COVID-19 crackdown coming for N. End restaurants

Whistleblowers demand social distancing, face coverings

FOLLOWING NUMEROUS COMPLAINTS about expanded outdoor dining in Boston’s North End not complying with COVID-19 guidelines, the city’s Licensing Board has decided to crack down with random inspections of new “al fresco” dining locations.

It will begin random inspections at the new dining locations set up in an effort kick start the restaurant industry following coronavirus closures, while allowing customers to adhere to social distancing guidelines.

The website Eater notes that the city expedited the process for restaurants to create street dining spots, with the North End receiving 65 permits and another five awaiting approval. Some on social media have likened the new outdoor dining scene to what has gone on for years in Amsterdam and Paris, but not everyone is thrilled.

One of more than 50 contributors to Bos:311 wrote, “I’m super concerned about the North End. These tables are not 6 feet apart. Masks are not consistently being worn. Is there no enforcement?”

Another said, ” Employees and owners not wearing masks. How can you ask patrons to wear masks if you aren’t. How do we know if you’re preparing our food safely? We’re putting ourselves at risk and business owners are neglectful. Come see for yourself.”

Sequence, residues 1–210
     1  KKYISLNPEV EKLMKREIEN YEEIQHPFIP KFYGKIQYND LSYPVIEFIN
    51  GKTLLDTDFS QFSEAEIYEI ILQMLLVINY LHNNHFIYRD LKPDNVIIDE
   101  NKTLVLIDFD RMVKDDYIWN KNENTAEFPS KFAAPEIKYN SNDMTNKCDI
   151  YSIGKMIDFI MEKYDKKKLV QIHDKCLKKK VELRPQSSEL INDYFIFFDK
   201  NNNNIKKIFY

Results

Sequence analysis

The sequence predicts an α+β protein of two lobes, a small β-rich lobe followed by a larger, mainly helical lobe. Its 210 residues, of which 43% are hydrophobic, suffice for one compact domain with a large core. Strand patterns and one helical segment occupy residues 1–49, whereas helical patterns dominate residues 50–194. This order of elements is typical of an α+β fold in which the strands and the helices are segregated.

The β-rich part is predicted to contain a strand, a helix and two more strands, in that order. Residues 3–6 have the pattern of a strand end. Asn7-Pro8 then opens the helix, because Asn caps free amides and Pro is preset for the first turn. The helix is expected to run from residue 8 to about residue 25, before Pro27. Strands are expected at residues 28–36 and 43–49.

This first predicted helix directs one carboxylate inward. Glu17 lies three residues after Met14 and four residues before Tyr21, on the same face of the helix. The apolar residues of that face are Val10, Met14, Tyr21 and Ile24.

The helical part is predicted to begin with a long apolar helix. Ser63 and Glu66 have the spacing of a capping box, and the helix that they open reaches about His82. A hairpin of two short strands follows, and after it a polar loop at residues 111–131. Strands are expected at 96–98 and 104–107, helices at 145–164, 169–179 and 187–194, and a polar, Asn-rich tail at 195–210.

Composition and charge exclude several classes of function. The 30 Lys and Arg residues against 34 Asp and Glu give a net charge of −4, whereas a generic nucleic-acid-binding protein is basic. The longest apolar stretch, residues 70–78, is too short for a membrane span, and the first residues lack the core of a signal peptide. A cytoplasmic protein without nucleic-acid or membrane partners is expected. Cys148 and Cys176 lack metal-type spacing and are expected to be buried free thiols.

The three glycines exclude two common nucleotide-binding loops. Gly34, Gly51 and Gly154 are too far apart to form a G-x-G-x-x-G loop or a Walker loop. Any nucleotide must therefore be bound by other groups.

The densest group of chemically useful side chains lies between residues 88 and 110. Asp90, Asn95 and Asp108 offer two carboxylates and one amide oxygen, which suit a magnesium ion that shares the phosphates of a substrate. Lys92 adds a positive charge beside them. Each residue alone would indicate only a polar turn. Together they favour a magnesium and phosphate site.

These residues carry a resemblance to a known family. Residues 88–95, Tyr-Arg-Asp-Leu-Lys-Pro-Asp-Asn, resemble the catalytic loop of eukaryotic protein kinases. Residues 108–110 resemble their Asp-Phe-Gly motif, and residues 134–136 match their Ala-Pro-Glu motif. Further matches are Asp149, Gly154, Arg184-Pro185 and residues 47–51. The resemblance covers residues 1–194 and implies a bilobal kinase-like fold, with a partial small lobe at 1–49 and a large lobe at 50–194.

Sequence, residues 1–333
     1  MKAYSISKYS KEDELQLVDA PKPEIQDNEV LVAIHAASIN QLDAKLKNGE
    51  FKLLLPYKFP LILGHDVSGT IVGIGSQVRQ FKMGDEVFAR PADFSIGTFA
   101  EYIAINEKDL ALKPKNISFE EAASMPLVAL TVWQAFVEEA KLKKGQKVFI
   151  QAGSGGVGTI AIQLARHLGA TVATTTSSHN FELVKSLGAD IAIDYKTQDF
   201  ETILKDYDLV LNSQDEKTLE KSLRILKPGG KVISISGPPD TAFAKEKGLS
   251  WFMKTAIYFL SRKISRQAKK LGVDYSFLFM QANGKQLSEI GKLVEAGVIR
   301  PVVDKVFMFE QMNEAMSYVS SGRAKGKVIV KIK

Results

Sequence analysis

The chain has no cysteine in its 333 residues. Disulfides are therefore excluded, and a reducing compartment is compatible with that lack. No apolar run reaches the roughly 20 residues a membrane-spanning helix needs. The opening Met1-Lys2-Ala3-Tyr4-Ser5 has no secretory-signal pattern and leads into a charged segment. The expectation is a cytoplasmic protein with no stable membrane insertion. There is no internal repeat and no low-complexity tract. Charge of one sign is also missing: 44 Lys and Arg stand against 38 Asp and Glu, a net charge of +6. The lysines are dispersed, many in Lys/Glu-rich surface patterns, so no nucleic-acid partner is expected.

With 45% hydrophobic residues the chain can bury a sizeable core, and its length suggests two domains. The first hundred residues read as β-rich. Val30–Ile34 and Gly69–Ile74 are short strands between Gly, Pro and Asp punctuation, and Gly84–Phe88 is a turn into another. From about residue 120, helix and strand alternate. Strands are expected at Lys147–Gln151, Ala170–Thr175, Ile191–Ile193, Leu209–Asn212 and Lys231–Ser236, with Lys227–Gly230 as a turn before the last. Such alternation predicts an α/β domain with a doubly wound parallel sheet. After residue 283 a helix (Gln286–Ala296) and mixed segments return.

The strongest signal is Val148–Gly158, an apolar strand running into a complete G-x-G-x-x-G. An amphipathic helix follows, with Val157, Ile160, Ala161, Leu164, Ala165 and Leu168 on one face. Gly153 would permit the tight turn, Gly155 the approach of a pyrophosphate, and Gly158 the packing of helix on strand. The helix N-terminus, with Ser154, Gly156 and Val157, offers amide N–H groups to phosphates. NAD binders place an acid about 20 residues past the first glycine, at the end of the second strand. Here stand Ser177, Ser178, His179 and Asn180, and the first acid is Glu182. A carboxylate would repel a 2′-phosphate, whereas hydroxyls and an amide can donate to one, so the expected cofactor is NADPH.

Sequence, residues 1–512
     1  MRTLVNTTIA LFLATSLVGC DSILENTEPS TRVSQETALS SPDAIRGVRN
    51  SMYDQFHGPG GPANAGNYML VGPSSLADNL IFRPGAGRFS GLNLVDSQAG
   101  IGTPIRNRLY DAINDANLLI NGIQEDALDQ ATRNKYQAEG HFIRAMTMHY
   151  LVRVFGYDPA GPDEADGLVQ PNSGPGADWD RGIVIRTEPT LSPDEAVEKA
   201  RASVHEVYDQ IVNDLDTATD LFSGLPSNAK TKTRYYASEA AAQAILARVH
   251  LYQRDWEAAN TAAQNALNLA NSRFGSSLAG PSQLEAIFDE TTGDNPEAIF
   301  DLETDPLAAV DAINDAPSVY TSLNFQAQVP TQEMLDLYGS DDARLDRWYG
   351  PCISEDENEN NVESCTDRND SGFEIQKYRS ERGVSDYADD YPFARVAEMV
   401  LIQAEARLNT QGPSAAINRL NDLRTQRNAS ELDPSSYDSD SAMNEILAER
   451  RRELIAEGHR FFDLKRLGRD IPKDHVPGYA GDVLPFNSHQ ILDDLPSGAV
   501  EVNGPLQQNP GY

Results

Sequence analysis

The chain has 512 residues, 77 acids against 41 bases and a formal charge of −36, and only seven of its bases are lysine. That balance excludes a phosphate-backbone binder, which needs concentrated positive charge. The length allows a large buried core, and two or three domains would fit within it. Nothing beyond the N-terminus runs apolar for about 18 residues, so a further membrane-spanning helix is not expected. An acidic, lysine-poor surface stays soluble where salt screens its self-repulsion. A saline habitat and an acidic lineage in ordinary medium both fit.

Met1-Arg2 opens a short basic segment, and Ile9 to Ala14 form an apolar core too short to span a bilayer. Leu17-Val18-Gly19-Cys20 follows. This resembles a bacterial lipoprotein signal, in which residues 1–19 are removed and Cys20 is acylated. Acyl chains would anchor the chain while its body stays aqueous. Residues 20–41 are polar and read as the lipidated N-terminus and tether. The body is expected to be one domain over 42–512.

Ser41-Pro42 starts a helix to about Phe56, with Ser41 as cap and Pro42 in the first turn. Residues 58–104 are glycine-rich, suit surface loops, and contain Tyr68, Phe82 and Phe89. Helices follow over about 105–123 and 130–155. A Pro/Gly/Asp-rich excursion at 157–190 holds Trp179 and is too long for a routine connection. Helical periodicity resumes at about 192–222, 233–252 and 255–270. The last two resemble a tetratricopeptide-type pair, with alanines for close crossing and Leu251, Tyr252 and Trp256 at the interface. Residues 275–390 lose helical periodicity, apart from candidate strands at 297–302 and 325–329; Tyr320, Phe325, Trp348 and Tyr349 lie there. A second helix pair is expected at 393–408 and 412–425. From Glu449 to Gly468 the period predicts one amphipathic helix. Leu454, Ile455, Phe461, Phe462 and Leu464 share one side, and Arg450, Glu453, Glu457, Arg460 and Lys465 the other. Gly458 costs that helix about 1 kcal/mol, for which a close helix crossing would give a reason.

The Licensing Board held an emergency meeting Wednesday because of the dozens of complaints to the Inspectional Services Department about safety violations. The online gathering had over 200 people after attendance was required for every North End restaurant owner or representative.

The notice for the meeting said that restaurant patrons aren’t social distancing, establishments are not adhering to the terms and conditions of temporary patio extensions, people are smoking, and businesses are overstepping into other spaces.

During the meeting, Kathleen Joyce, chairwoman of the licensing board, called for complete compliance, and said surprise inspections will begin immediately. Any licensee that breaks the rules will have their outdoor finding privileges revoked, she said. Workers are required to wear face coverings and patrons are supposed to wear covering going to and from the restrooms.